In returning you have to repeat the crawling and scrambling through the low, narrow, or wet and muddy passages: it seems endless. You halt to await the approach of a loitering companion. His lantern is seen, in distant per¬spective, far down the dark corridor. You shout for him to hurry. Hark to the distant, echoing answer, "Coming!" Turn your lan¬tern this way, and look down the long, shadowy passage of the cavern; in the dim vista he seems an imp, dancing along with a fire-brand. Suddenly, while you think him yet at a dis¬tance, he seems to enlarge, and is close to you.

I once fired a pistol-shot in this cave to bear the echoes; instead of the sharp crack which should have followed the flash came a volley of deep, echoing, hollow thunders, a rolling and swelling roar, a musical, harmonious earth¬quake, deafening. One of our party who was on ahead took it for heavy, celestial thunder¬ing.

Harper’s New Monthly Magazine – October 1869 – Mine Lot Falls in Winter

Cave explorations are interesting to those who love to see the wonders of nature-things be-fore unseen, new and surprising. Who knows, some one this exploring may discover a great, subterranean, transcontinental river; an underground, round-the-world canal, cheapening freightage between New York and San Francisco. Whether you should find this wondrous stream or not, a visit to the under-world will not be forgotten ; the hornstone and the fossils collected, nay, the grimy, shattered lantern that you carried, will ever remain objects of interest.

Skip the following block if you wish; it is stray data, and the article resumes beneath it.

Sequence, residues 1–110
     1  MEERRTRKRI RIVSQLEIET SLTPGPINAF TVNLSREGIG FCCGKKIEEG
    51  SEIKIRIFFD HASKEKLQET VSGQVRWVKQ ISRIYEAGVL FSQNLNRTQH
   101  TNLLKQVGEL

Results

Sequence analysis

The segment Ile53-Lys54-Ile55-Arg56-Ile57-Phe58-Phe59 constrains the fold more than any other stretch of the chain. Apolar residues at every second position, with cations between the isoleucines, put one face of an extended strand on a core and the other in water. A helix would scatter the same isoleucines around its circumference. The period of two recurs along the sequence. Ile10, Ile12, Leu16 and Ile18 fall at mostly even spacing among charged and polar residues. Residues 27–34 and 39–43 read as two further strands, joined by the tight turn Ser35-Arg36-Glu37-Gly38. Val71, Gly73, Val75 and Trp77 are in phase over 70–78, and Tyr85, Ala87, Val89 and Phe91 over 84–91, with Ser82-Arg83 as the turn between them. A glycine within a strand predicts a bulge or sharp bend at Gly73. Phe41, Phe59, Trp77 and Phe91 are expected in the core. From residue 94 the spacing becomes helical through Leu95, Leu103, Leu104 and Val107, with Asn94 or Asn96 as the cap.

Winter is the best time to visit caves; it is certainly the most healthy season, for it is dangerous to enter a cold, damp cave in hot weather. Nevertheless, ice closes the entrance of some caves in winter, and, if among the cliffs, the climbing is dangerous.

In winter the Indian Ladder or Mine Lot Fall is one huge icicle from the cliff brink to its base; the water pours down - an unceasing stream - through the huge frost-proof conduit it has formed for itself. A pyramid of pure green-white ice, glittering, resplendent with icicles, which in fringed sheets, strange and fantastic shapes, adorn the translucent column, one hundred and sixteen feet in height. Have a care how you climb up among the rocks in winter; it is almost impossible to descend again, and dread indeed is the ascent. Upward may prove your only path to safety over slippery ice and snow-capped rocks; below you the cliff, the tree-tops, the dread craggy-mountain slope! Hands icy and stiffened, useless and bleeding, my only reward for the climb depicted was a bit of rare moss (the Hamelia gracilis) which I found on the rock above.